Oct. 18, 2004
|Photo courtesy of The Low Income Investment Fund
This former warehouse in Brooklyn is now a facility to assist the homeless.
By Linda Bloom*
YORK (UMNS) - In Brooklyn, United Methodist investments have helped
convert an unused warehouse into a 400-bed shelter designed to assist
the homeless in becoming self-sufficient.
In San Francisco, the church’s financial commitment is aiding construction of a "healing center" for Native Americans.
Fort Worth, Texas, United Methodists helped fund the conversion of a
former convent into affordable housing units and arts-related space.
advocacy work is being conducted through the United Methodist Board of
Pension and Health Benefits’ affordable housing and community
development program. From an initial investment of $25 million in 1990,
the program’s commitments have grown to more than $900 million, with
some $600 million invested as of last June.
goal is to make a "positive social impact" while still earning
financial returns equal to the risk, according to Michael Lohmeier, the
program’s investment manager.
that means is this should be comparable to any other investment that we
make on behalf of our participants," he told United Methodist News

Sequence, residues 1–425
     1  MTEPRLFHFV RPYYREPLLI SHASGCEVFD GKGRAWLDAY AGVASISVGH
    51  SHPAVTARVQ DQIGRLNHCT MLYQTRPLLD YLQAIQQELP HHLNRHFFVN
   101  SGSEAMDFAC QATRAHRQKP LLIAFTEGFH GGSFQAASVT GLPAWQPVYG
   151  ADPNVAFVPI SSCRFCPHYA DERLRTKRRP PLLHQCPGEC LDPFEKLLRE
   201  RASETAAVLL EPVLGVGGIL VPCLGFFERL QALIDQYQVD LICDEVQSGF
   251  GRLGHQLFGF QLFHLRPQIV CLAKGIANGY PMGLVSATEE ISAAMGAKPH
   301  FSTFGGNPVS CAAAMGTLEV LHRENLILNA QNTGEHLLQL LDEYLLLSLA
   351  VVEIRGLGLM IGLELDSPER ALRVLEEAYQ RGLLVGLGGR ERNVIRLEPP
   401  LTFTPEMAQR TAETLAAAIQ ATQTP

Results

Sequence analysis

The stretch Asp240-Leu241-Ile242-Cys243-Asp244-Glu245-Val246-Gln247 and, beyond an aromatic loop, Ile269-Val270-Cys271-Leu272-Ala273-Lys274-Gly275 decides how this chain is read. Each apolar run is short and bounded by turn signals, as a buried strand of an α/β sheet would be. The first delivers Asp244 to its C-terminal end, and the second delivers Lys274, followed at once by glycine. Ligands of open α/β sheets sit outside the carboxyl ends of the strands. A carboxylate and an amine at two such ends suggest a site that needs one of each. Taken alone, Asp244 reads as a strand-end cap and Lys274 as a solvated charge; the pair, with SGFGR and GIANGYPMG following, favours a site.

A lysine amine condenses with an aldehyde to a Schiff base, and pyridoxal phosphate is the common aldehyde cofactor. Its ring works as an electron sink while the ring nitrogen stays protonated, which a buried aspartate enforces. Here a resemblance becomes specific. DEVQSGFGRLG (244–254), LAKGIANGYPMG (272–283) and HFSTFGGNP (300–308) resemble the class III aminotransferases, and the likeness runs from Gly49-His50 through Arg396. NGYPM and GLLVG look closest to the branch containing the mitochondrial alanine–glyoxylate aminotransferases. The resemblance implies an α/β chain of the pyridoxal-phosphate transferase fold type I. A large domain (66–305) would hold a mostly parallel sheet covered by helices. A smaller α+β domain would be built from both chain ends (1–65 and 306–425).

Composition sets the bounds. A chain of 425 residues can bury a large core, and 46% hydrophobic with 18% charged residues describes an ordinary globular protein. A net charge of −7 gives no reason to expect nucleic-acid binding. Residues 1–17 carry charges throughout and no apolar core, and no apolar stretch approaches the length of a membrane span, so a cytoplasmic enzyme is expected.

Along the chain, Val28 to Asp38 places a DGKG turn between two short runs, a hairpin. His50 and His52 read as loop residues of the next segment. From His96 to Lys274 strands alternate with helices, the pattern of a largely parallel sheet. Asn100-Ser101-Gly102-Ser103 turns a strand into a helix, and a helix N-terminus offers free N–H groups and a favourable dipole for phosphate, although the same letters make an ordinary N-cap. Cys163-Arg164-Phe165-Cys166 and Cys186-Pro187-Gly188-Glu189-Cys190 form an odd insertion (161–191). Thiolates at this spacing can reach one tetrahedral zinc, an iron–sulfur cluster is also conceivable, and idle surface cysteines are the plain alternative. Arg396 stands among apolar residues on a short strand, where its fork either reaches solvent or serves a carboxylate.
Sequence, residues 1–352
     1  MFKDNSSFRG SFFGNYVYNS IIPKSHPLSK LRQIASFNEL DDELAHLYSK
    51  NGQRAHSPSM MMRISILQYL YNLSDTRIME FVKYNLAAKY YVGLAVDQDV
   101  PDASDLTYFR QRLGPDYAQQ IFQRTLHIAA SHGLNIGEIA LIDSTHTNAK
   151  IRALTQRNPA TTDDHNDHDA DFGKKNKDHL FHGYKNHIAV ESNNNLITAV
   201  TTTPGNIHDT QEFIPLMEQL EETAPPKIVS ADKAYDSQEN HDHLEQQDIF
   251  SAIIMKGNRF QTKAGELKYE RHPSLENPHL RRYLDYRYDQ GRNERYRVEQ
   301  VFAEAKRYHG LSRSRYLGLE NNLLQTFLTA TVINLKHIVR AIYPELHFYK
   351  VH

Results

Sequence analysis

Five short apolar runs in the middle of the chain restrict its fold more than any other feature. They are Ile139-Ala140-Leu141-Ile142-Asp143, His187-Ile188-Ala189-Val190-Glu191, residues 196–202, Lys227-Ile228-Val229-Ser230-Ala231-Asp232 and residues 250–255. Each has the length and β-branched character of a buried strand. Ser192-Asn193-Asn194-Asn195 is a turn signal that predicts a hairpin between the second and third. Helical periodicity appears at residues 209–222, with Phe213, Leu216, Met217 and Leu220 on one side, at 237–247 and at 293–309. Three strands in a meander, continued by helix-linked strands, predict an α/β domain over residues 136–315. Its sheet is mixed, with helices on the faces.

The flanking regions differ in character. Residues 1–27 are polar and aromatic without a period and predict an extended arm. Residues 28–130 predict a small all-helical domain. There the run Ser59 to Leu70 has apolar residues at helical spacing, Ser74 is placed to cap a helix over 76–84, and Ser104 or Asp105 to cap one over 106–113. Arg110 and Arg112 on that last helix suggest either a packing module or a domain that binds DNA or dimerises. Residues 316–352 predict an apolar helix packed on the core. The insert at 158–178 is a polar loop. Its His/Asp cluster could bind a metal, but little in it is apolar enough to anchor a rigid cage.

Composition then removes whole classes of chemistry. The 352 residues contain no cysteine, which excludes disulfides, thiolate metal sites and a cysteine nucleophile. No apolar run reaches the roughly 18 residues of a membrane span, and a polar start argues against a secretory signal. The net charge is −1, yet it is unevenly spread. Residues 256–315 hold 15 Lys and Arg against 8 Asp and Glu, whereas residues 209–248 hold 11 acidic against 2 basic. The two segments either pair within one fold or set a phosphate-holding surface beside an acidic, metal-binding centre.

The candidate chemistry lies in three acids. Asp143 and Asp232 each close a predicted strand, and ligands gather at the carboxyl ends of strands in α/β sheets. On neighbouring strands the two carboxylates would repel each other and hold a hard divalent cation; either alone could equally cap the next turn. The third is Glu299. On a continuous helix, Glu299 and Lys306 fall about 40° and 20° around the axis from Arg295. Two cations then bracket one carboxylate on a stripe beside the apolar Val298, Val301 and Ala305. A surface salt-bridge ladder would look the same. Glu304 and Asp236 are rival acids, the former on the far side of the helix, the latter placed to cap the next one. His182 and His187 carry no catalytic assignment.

date, the program has seen a 7.5 percent return on the total
investment, with loan defaults at less than one-tenth of 1 percent.
the program began in 1990, affordable housing was seen as a primary
need across the United States, Lohmeier said. In the past four years,
the Board of Pensions decided to broaden its program to include other
aspects of community development. "We’ve been adding on a
project-by-project basis," he said.
the project in Brooklyn, the pension and health benefits board
purchased a $15.78 million portion of a $22.15 million permanent loan to
finance the Peter J. Sharpe Center for Opportunity. The facility,
opened last December, is part of the "Ready, Willing and Able" program
of the Doe Fund Inc. Through a variety of strategies, the program has
helped more than 1,100 men and women become drug-free and find full-time
employment and housing.
McDonald, founder of the Doe Fund, told United Methodist News Service
that the fund would never have received the construction loan for the
center without the guarantee of permanent funding. Participation of the
Board of Pension "was a critical piece to the financing of the project
right from the beginning," he said.
in partnership with the city of New York, the Peter J. Sharpe Center
has a security system that allows residents only onto the floors they
live on, a food service that is "the best of any facility in the city,"
classroom space and a medical suite, he noted.
array of amenities and services offered at the center "raises the level
of respect that we, as a city, show for people who are indigent and in
need of help," McDonald said. Because of that, he added, "those folks
treat the facility with respect."
the Peter J. Sharpe Center project, the Board of Pension purchased its
portion of the loan under a special financing structure through the Low